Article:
4/17/2013 11:26 P.M. ET
Sabathia relies on guile to get job done
By Matthew Leach / MLB.com
NEW YORK -- The old CC Sabathia might have done it differently. But that doesn't mean he would have done it any better.
Changing speeds and locations, working all over the strike zone, Sabathia bounced back from a rocky first inning to stifle a good D-backs offense in a 4-3 Yankees win on Wednesday night. Sabathia throwing 90 mph may be less intimidating than Sabathia at 93, but he's no less confounding.
Sabathia, 32, is hardly a junkballer as he embarks on his 13th big league season. But neither is he the power pitcher who, as recently as 2011, averaged nearly 94 mph on his fastball. He now sits around 90, which is plenty for a pitcher with his command, movement and offspeed offerings.
It was certainly enough to keep the D-backs off balance on Wednesday, even after Arizona jumped to an early 2-0 lead. Sabathia clamped down, and got a little luckier, en route to career win No. 194.
"Everything looked so good, and all of a sudden you swing and it wasn't there," said D-backs catcher Miguel Montero. "That's what he is."
Much has been made of Sabathia's declining velocity, and it's real. He lost 1.5 mph on his fastball from 2011 to '12, and thus far is down more than two mph so far in '13. Some of this year's dip could be a result of chilly weather and simply not being at full strength yet, but some of it is just what happens over time.
Even Sabathia himself admitted that the miles on his arm may be catching up to him. He's thrown more than 2,500 innings in the Major Leagues, reaching the 200-inning threshold in each of the past six seasons.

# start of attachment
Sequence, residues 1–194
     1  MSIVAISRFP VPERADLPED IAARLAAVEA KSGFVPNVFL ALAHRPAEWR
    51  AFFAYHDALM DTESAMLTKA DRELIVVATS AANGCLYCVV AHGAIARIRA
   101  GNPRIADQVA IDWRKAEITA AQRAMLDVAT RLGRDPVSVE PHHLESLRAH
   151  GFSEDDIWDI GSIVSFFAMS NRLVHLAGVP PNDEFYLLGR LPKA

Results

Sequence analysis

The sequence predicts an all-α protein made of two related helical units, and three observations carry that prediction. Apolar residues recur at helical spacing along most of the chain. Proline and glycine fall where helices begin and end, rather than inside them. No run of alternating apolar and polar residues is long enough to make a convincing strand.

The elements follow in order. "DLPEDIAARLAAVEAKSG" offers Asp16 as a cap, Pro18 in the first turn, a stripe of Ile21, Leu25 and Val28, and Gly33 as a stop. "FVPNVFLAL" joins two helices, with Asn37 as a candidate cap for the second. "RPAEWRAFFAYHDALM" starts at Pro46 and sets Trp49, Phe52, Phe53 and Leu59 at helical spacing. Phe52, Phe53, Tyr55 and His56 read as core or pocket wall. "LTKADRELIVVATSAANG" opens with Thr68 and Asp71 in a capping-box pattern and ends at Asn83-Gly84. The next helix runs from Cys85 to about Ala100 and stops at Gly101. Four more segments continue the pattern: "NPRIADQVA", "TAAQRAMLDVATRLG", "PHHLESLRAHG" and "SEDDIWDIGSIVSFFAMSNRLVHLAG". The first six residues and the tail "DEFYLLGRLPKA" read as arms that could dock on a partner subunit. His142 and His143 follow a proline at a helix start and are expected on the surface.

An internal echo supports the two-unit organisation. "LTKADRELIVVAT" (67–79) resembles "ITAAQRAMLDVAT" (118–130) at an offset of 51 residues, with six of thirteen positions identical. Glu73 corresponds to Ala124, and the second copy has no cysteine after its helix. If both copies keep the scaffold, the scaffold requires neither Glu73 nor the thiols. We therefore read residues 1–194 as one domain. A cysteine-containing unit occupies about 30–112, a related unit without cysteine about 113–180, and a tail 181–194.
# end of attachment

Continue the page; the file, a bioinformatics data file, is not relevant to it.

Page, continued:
"I've been pitching for a long time," he said. "There's nothing I can do about it. I can't throw any harder."
The thing is, he may not need to. Every pitcher could benefit from a little extra velocity to help get away with mistakes, but velocity isn't the only definition of good stuff. Sabathia has four pitches that he can throw for strikes and that move. It makes him one of the most challenging at-bats a hitter can have, whether he's at 90 or 94.
"He doesn't throw as hard, but he's got more stuff in my opinion," said Arizona manager Kirk Gibson. "Movement, location, more pitches."
Sabathia's value to the Yankees has never been quite so pronounced. The back of their rotation once again looks a bit shaky. Their offense has been effective thus far, but it's down several key contributors. New York needs its big man to be just about a sure thing every five days.
In the early going on Wednesday, it looked like that wouldn't be the case. A.J. Pollock dropped in a perfectly placed bloop double. Paul Goldschmidt jumped a hanging changeup and hit it out to right field, and it was 2-0 in an instant. After a walk to Montero and a Cody Ross single, it appeared Sabathia was in trouble.
He wasn't. He retired the next 10 batters in order, and but for Brett Gardner barely missing a catch on Josh Wilson's liner and Gerardo Parra's bunt single, Sabathia was all but perfect the rest of the way. Three batters reached base over Sabathia's last 7 2/3 innings.
"He's smart," said Martin Prado, who was 0-for-4. "He knows how to pitch. He's been doing it for a long time. It seems like he doesn't have the same pattern all the time. He finds different ways to get you out. That's why he's one of the best."
Sabathia hit every radar-gun reading between 72 and 80, and 15 different numbers on the gun overall between 72 and 90. He threw fastballs early, and more sliders and changeups late.
"He pitches in all quadrants," Gibson said. "So if you're a hitter, certain guys do certain things, and you recognize things early. It's very tough to do so with him. He throws his fastball, four-seam, turns it over, then he's got a slider, breaking ball, good changeup, and it all comes out of the same spot."
On Wednesday, and on most nights, that's more than enough, regardless of the velocity.
Matthew Leach is a writer for MLB.com. Read his blog, Obviously, You're Not a Golfer and follow him on Twitter at @MatthewHLeach. This story was not subject to the approval of Major League Baseball or its clubs.